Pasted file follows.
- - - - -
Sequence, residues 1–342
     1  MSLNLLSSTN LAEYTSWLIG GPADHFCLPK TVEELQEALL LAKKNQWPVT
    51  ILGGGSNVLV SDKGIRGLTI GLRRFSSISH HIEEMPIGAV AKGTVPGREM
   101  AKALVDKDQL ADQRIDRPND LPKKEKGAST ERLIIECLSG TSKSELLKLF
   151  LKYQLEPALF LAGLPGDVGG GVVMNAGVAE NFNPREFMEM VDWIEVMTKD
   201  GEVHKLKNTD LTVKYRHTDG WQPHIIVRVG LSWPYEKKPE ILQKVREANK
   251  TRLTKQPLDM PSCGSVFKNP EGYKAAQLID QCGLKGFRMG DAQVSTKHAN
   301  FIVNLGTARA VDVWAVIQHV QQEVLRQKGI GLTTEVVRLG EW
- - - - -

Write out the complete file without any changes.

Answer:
Sequence, residues 1–342
     1  MSLNLLSSTN LAEYTSWLIG GPADHFCLPK TVEELQEALL LAKKNQWPVT
    51  ILGGGSNVLV SDKGIRGLTI GLRRFSSISH HIEEMPIGAV AKGTVPGREM
   101  AKALVDKDQL ADQRIDRPND LPKKEKGAST ERLIIECLSG TSKSELLKLF
   151  LKYQLEPALF LAGLPGDVGG GVVMNAGVAE NFNPREFMEM VDWIEVMTKD
   201  GEVHKLKNTD LTVKYRHTDG WQPHIIVRVG LSWPYEKKPE ILQKVREANK
   251  TRLTKQPLDM PSCGSVFKNP EGYKAAQLID QCGLKGFRMG DAQVSTKHAN
   301  FIVNLGTARA VDVWAVIQHV QQEVLRQKGI GLTTEVVRLG EW